Rome mayor orders removal of street art mural

Mural forms part of the WALLS urban regeneration project

The mayor of Rome Ignazio Marino has ordered the removal of a mural in the S. Basilio district because it features pigs in police uniforms.

The mural depicts the local patron saint Basilio breaking locks, and was created as part of the SanBa cultural project to regenerate the north-east suburb which is notorious for drug dealing and violence.

Rome's councillor for the development of the suburbs Paolo Masini has described the image as "illegal, offensive and defamatory."

Earlier this summer the area was enlivened by four gigantic murals on four buildings made available by the municipal housing authorities. The scheme was overseen by WALLS, an association that promotes the value of street art and the right of artists to decorate public spaces, with the full support of the city, including councillor Masini.

Until this week the project had been successful and universally popular but now finds itself in a storm of controversy.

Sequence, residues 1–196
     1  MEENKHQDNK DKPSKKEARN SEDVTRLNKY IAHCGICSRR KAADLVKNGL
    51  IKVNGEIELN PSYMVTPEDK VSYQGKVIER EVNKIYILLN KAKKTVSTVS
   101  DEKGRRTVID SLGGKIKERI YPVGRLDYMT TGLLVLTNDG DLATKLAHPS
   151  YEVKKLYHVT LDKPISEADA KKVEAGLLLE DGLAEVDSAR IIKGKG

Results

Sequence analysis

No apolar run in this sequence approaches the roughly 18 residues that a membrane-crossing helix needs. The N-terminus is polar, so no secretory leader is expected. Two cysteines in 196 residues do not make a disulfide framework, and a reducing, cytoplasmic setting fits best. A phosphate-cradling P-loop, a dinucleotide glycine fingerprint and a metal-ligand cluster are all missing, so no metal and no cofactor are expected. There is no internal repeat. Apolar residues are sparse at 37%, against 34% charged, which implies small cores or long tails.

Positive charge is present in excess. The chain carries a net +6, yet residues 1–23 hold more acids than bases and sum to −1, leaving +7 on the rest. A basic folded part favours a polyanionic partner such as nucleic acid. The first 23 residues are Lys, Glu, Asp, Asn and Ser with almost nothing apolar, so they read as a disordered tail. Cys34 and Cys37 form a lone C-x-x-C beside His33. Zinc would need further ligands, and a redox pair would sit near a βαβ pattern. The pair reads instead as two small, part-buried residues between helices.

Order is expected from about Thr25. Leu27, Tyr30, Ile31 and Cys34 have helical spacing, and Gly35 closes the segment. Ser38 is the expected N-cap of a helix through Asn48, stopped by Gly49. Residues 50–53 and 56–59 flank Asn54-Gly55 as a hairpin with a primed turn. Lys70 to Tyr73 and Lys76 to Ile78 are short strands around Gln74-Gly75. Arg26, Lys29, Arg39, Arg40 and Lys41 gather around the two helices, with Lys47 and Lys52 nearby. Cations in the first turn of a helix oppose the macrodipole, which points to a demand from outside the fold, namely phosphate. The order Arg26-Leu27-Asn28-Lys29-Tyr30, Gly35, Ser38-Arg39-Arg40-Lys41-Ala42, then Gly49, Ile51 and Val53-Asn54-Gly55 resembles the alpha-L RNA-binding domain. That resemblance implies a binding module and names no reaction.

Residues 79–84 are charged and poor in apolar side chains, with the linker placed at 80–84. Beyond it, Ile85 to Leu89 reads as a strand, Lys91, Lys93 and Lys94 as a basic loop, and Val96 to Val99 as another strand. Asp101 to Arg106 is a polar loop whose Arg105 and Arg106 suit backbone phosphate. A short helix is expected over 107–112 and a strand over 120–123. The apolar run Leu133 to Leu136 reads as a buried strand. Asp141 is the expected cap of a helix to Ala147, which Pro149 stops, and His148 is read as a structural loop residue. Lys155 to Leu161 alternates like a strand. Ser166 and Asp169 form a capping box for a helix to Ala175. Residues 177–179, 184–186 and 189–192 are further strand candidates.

The mural on Via Recanati was dedicated to Fabrizio Ceruso, a 19-year old who was shot dead 40 years ago during clashes with police following the evictions of 150 families squatting on nearby Via Montecarotto and Via Fabriano.

The city says that the mural is in violation of the criminal code as it contains messages deemed offensive towards the police. Reaction from residents is mixed, according to local media. Many agree that Ceruso should be commemorated but differ on whether the mural should be removed entirely or just modifed.

For full details on the SanBa project pick up a copy of the September issue of Wanted in Rome, available at newsstands around the city, while for more information on street art in the capital see here.